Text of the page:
Disney Stars on Parade (9/10) – Disneyland Paris’ daytime parade was unveiled for the park’s 25th Anniversary and is a nice upgrade from its predecessor. There are a lot of similarities to Festival of Fantasy at Walt Disney World, including the flagship Maleficent Dragon float. We aren’t daytime parade people, but even we enjoyed this. It’s so energetic and pretty that it’s hard not to love it. This parade is very popular, so if you want a good view, show up at least 30 minutes (much more if it’s busy) in advance to stake out a spot for the parade, and be prepared to defend your turf!
Pirates of the Caribbean (10/10) – Pirates of the Caribbean is a boat-ride back in time to the days when pirates ruled the Caribbean. The attractions features Audio Animatronics pirates engaging in swashbuckling mayhem. This is the best version of perhaps Disney’s best ride, making this arguably Disney’s best attraction anywhere (we’d put it in the top 10, but not #1). Pirates of the Caribbean is housed in a beautiful, bunker-style fortress, with an elaborate queue containing a lot of detail. (Its queue is better than the Magic Kingdom queue, which is better than the Disneyland queue.) It has most of the same “extra” scenes as the Disneyland version, although they appear at the end instead of the beginning. Here, the logical consequence of the decadent and nefarious lifestyle of pirates is death and despair, so the arrangement makes sense.
Big Thunder Mountain Railroad (9.5/10) – Big Thunder Mountain a rollercoaster themed as a runaway mine train on a ride through the barren landscape of the Old West. Thanks to its location on an island in Frontierland (the queue is in Frontierland and travel underwater on the ride to get to the island) and some extra details throughout the queue and attraction, this is the best version of Big Thunder Mountain Railroad. This received a huge refurbishment ahead of the 25th Anniversary, and is now looking better than ever. Don’t do it first thing–get a FastPass for it.
Hyperspace Mountain (9/10) – Hyperspace Mountain is a dark, intense roller coaster through outer space with a Star Wars motif. The visual effects and soundtrack from the Star Wars films are cool, as are other aspects of this intense (by Disney standards) coaster. The outdoor blast-off is all sorts of cool, and there’s more of visual interest than the other Space Mountains, but the ride beats you up. This isn’t just the minor thrashing you get on a rough roller coaster–it seems to strive for minor brain damage. Much like the rest of Discoveryland, the exterior and ride vehicles have a strong Jules Verne and steampunk influence, but the Hyperspace Mountain overlay is not an ideal fit for that on the inside. Don’t do Hyperspace Mountain first thing in the morning–wait and use a FastPass (preferably with a nighttime return window).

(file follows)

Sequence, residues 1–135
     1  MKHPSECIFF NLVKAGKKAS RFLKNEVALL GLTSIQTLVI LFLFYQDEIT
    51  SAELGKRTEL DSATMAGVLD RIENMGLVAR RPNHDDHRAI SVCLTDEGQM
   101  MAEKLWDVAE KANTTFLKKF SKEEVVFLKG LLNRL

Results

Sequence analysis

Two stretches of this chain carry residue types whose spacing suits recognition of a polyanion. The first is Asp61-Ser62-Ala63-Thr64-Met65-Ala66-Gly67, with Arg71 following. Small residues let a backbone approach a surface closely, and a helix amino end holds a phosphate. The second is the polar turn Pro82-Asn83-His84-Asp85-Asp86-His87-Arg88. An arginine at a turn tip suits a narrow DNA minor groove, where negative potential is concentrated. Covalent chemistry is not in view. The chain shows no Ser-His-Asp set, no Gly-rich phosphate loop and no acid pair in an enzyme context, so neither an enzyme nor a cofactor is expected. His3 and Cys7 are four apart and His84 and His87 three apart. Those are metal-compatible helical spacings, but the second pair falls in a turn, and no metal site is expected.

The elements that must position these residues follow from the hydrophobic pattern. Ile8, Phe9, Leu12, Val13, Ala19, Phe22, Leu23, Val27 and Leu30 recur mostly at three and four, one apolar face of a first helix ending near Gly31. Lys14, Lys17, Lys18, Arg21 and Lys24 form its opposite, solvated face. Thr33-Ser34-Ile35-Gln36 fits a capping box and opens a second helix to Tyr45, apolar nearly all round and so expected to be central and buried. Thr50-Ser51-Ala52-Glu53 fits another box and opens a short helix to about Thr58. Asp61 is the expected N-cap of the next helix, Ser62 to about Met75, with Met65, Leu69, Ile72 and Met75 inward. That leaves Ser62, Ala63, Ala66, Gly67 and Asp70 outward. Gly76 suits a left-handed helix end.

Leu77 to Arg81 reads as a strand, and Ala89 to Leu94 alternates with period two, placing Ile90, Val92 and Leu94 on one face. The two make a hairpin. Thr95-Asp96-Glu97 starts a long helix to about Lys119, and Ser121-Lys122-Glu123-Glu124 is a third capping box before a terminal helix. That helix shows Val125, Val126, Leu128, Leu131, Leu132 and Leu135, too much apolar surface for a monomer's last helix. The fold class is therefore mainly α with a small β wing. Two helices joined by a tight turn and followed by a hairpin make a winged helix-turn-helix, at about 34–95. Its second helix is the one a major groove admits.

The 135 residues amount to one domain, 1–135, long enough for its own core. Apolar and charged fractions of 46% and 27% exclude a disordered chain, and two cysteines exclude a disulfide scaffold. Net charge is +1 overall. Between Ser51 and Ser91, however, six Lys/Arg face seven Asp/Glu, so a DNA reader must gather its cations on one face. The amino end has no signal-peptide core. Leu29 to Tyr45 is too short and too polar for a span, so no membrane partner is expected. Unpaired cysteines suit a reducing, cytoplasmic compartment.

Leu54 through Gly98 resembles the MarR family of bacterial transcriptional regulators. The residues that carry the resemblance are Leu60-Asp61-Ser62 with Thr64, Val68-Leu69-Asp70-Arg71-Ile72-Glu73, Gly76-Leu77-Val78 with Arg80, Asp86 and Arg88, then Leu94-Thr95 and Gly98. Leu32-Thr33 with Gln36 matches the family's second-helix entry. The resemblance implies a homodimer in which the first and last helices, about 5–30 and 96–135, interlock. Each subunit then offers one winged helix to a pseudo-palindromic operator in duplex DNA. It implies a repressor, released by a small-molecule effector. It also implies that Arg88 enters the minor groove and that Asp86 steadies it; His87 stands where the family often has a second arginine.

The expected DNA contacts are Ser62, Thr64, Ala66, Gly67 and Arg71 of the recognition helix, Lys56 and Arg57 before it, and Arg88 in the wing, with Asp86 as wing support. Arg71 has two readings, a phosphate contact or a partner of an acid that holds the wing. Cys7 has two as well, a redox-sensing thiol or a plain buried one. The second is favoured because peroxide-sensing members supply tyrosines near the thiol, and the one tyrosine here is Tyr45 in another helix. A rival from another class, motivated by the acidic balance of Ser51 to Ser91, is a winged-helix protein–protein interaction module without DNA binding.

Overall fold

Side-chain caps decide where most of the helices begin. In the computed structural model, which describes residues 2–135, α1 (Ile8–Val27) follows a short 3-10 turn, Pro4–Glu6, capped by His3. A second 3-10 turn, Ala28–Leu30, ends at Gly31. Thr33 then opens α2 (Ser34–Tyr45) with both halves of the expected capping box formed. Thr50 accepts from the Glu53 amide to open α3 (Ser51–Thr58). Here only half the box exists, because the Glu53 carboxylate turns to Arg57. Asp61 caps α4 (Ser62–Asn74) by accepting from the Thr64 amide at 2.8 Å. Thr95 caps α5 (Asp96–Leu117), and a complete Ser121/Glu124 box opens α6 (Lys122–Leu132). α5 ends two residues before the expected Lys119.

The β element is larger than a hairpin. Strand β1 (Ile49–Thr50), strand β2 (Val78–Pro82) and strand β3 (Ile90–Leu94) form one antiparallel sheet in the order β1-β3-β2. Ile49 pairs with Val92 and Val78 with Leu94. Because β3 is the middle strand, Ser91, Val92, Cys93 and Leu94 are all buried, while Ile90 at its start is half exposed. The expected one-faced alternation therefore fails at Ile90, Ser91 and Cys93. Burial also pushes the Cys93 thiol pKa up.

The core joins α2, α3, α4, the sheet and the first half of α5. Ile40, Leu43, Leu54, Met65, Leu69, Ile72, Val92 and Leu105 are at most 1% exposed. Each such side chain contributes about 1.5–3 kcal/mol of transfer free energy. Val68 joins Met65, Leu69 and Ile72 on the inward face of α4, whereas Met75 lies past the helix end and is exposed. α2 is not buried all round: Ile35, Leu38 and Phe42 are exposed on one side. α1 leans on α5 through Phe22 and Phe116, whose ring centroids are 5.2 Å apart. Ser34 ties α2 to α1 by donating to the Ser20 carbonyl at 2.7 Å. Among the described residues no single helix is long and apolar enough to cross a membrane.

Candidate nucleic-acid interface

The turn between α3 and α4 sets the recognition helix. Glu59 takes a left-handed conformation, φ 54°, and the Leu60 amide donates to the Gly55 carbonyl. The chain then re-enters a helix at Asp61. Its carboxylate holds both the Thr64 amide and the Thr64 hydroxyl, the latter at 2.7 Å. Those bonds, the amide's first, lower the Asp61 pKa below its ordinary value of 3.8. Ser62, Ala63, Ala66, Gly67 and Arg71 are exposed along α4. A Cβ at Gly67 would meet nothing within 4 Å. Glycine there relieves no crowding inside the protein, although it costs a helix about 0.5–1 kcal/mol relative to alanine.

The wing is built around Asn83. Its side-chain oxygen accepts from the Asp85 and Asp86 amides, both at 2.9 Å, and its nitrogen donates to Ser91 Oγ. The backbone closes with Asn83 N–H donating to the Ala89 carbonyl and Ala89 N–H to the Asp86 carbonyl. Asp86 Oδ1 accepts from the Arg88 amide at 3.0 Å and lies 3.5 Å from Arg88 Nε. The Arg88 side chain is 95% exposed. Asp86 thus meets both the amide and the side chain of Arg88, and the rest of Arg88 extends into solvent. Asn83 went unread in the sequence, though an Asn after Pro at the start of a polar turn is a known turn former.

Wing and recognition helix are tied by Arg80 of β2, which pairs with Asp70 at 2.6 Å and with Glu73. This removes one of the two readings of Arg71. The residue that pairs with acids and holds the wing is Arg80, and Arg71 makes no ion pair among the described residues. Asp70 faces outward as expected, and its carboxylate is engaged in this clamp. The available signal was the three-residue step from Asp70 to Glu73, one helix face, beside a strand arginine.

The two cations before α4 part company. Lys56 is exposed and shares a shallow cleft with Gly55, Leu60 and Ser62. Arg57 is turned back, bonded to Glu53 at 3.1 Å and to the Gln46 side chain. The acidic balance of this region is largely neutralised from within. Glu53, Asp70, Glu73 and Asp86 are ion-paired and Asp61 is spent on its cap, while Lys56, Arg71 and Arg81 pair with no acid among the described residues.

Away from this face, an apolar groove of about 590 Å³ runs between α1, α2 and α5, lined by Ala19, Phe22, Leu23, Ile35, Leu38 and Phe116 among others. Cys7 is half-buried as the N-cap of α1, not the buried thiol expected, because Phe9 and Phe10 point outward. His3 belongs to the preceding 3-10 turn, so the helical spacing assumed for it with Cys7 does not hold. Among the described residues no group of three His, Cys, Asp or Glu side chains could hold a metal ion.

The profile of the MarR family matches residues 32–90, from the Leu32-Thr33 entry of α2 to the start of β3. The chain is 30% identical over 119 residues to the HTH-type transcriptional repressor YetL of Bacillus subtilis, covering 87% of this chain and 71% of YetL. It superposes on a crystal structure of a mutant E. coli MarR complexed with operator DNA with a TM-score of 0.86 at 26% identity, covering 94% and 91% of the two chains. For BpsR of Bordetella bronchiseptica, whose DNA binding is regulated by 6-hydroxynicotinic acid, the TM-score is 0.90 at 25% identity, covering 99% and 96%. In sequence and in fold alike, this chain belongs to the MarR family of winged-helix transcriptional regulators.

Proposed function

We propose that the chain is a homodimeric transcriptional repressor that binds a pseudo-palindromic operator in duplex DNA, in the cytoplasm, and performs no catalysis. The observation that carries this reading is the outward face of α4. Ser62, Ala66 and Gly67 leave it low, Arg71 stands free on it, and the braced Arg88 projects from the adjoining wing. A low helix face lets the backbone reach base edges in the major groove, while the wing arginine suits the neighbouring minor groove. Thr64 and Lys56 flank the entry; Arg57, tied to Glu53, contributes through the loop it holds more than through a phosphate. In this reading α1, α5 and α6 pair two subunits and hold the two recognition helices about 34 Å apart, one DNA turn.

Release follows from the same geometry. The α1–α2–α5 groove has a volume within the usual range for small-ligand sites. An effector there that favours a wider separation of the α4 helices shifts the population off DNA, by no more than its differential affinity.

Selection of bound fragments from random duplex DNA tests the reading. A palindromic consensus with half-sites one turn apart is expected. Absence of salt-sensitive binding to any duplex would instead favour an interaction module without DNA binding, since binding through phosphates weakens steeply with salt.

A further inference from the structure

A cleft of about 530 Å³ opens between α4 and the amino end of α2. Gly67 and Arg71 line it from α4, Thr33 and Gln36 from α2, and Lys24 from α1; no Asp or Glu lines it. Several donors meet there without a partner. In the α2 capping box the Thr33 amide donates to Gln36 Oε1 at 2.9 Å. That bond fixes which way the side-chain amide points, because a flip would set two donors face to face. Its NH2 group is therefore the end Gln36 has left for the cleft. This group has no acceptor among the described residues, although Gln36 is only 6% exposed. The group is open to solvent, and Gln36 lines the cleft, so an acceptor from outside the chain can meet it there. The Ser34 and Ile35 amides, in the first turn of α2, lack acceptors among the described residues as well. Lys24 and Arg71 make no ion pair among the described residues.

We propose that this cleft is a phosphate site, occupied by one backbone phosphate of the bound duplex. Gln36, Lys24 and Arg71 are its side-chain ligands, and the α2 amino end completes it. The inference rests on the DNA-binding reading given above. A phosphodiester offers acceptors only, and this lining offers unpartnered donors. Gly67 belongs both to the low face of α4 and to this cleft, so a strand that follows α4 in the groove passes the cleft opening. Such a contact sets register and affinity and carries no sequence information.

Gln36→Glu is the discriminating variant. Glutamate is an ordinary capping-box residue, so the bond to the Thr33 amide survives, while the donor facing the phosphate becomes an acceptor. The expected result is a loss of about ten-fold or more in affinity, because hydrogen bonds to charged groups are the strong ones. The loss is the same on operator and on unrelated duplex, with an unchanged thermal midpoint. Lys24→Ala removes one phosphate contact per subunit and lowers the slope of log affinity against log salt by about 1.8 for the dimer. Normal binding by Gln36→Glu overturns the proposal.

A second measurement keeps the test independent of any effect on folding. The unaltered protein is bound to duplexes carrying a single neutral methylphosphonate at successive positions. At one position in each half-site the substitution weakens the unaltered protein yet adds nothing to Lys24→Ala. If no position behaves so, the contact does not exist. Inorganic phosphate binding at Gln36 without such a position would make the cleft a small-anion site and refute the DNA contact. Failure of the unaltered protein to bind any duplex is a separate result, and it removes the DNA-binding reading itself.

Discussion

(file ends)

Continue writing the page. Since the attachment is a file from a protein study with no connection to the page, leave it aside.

‘it’s a small world’ – (7/10) – The classic boat ride featuring the children of the world. Those familiar with Mary Blair’s art will spot a noticeable difference between this and the US version. The design is overall more detailed, and perhaps this was an attempt to make it more appealing to a European audience that likely isn’t familiar with Mary Blair. The result isn’t exactly that. While there is beauty and refinement in the deceptively simplistic, angular look of Blair’s ‛it’s a small world,’ the more “detailed” small world in Paris lacks this refinement. The sets are still reminiscent of the original and the dolls are in the same style, but it feels a bit like a cheaper imitation. It looks a bit cartoonish and lacking a distinct aesthetic. It also has a Christmas version–read about that in our Disneyland Paris Christmas Guide. This is popular in Paris, but it has such a high capacity that you can ride whenever.
Alice’s Curious Labyrinth (8/10) – Walk-through interactive hedge maze based on Alice in Wonderland with some cool scenes and the Queen of Hearts’ Castle at the end. This is a fun area to explore, and there are neat things to see and photo ops along the way. The view of Fantasyland from Queen of Hearts’ Castle at the end is the highlight (and can be accessed without going through the maze, just enter through the exit of the attraction).
Dumbo (7/10) – The iconic Disney spinner attraction. This version is lavishly done and offers nice views of Disney’s best castle. It’s about as good as this type of ride gets.